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24 new faculty arrive at Fort Lewis College

24 new faculty arrive at Fort Lewis College

Thursday, September 05, 2019

The Fall 2019 semester began on September 2, and in the midst of new and returning students getting acquainted with campus were 24 new faculty. Of the new faculty, four are FLC alumni, two of whom were roommates as undergraduates. 

The new faculty began their academic year at a newly revised orientation led by the Provost’s Office, Academic Affairs, Teaching & Learning Services, and other FLC faculty and staff. The orientation included a full day of learning on campus, including learning activities with many student services on campus and a discussion with Provost Cheryl Nixon on facilitating a positive student experience for all students. The second day of orientation was a cultural and historical exploration day facilitated by Crow Canyon Archaeological Center in Cortez, Colorado, which included touring the Ute Mountain Tribal Park, and discussing with Ute Mountain Ute Tribal Department potential community connections.

Get to know more about some of our new professors:

Alex Borgella, assistant professor of Psychology

Alex Borgella, assistant professor of Psychology, was trained in social psychology at Tufts University in Boston, with a concentration in the social psychological underpinnings of stereotyping, prejudice, and discrimination. Prior to joining FLC, he was a visiting assistant professor of psychology at Bates College in Lewiston, Maine. His current research interests involve disparagement humor and its effects on members of stigmatized social groups (e.g., racial minority groups, sexual and gender minority groups, and the overweight or obese), within-group differences in racial stereotyping and prejudice, and stereotype threats in academic and athletic domains. His research has been published in The Journal of Experimental Social Psychology, Psychology of Sport and Exercise, and Humor: International Journal of Humor Research, and his work has been featured in The APA Monitor, VICE, Quartz Magazine, and Fast Company. Outside the office, he enjoys playing music, cultivating houseplants, appreciating the views on long Colorado hikes, attending comedy shows, relaxing with any number of Nintendo games, and a slew of other hobbies.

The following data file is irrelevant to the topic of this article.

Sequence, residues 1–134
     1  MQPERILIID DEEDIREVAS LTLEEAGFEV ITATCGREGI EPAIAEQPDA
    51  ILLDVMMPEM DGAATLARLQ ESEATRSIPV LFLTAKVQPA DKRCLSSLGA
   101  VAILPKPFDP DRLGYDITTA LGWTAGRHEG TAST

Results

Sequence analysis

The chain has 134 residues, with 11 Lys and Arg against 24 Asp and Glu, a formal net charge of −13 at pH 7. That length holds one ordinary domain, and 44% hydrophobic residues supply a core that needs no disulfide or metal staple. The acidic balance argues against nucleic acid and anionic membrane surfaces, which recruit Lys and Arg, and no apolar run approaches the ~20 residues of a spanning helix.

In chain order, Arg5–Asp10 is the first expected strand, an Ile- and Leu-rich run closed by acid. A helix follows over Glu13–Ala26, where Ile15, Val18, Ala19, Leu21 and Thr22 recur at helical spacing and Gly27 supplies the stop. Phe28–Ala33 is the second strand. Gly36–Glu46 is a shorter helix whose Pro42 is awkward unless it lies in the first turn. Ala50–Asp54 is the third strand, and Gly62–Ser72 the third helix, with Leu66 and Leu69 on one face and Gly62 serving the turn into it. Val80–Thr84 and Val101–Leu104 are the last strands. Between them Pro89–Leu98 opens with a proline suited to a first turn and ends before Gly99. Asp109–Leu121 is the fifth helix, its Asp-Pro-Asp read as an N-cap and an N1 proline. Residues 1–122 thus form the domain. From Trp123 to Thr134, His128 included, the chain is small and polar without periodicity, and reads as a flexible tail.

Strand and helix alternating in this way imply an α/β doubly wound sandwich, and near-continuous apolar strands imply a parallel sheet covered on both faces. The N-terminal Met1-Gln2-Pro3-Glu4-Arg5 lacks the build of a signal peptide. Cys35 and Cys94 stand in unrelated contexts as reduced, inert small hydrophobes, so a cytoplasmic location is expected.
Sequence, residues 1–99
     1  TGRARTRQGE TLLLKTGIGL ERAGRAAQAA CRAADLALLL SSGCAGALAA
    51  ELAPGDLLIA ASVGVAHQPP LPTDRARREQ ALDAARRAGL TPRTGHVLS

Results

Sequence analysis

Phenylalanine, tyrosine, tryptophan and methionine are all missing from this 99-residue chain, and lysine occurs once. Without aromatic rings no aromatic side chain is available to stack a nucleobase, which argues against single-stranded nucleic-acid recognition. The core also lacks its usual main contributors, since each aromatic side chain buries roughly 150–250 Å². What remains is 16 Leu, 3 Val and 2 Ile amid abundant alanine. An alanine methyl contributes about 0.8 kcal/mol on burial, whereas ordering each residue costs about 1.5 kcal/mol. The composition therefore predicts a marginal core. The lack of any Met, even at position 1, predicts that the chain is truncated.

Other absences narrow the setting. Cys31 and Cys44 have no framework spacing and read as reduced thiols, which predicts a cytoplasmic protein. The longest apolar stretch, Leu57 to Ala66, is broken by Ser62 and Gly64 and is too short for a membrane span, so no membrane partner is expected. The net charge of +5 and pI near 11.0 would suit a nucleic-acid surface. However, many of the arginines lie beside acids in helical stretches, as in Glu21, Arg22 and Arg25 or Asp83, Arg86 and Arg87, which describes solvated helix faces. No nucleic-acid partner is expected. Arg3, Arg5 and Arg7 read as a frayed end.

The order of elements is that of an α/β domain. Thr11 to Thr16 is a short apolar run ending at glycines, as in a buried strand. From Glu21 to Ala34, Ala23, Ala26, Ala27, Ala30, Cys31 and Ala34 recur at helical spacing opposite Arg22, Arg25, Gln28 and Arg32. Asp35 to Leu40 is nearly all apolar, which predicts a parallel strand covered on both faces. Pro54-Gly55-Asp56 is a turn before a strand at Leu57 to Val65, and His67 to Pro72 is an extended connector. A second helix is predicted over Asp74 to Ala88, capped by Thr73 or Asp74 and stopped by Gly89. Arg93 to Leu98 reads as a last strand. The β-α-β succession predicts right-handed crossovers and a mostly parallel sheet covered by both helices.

Borgella will be teaching “Introduction to Psychology” and two sections of “Psychological Research Methods.”

What is your favorite part about teaching/engaging with students?

I like teaching students about the scientific method in psychology. While many students have some understanding of how science works in other disciplines, I find that some have never considered its application in investigating human cognition and behavior. This is a hugely important part of scholarship in the social sciences (hence the name), so it makes me especially happy to see this ‘click’ for some students.  

How did you choose this field and then become a professor?

I became interested in social psychology – specifically my concentration on stereotypes and prejudice – largely because of my own background. I sometimes refer to my lines of work as “me-search” for this reason. I’m mixed race (my father was Cuban, my mother Korean), and I was born and raised in the Southern U.S., both of which heavily influence my perspectives on racial stereotyping and prejudice. With the help of some amazing professors at my undergraduate institution, the University of West Florida, I realized that I really enjoyed learning about other folks’ social constructions of race as well, and that these perceptions could be measured and assessed.  

Sage advice for Psychology majors, or general advice for FLC students?

Talk to your professors about your ideas, not just about grades or assignment deadlines. We love hearing your ideas, and we might be able to help you cultivate them.
Don’t fear statistics. Embrace it for what it is: one of the most valuable tools in your arsenal that will help you answer the complex questions you have about human behavior.

Melissa Clutter, assistant professor of Geosciences